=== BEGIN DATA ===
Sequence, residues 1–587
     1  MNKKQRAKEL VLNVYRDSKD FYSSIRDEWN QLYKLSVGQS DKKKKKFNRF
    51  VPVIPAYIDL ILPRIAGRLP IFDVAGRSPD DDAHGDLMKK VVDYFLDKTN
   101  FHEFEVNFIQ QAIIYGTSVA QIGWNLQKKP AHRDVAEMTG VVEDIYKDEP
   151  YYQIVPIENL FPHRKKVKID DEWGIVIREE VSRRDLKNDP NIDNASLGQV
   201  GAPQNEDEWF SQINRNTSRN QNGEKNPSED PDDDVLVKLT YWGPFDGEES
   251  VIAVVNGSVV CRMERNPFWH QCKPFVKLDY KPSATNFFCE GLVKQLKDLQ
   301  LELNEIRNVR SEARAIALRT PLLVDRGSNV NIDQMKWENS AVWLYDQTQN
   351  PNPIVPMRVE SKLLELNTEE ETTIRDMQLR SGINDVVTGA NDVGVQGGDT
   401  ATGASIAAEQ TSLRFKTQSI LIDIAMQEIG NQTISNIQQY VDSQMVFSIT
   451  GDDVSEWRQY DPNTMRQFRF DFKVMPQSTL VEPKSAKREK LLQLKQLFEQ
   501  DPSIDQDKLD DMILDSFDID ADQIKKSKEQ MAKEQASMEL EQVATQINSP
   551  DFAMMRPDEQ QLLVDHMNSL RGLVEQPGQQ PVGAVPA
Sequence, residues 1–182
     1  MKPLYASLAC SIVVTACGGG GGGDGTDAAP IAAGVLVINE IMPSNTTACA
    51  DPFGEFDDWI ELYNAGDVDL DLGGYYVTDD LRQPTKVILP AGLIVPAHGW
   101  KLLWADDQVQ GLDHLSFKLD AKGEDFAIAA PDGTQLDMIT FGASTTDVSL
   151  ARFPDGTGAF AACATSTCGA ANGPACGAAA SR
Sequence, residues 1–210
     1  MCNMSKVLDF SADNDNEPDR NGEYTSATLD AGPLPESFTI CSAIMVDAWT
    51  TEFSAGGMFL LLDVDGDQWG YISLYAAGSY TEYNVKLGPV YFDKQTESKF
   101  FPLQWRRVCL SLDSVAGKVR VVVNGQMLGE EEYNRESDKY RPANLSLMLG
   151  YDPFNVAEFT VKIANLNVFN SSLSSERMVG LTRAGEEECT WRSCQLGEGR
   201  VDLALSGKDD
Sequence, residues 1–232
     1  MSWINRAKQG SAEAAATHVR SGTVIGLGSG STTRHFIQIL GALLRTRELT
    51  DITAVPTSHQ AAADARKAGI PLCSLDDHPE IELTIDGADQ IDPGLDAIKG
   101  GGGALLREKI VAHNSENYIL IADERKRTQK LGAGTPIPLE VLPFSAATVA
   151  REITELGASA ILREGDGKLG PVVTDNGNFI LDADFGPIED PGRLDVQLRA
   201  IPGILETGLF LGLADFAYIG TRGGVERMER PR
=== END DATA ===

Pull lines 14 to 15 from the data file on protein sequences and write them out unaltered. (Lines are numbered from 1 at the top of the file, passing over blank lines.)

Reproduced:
Sequence, residues 1–182
     1  MKPLYASLAC SIVVTACGGG GGGDGTDAAP IAAGVLVINE IMPSNTTACA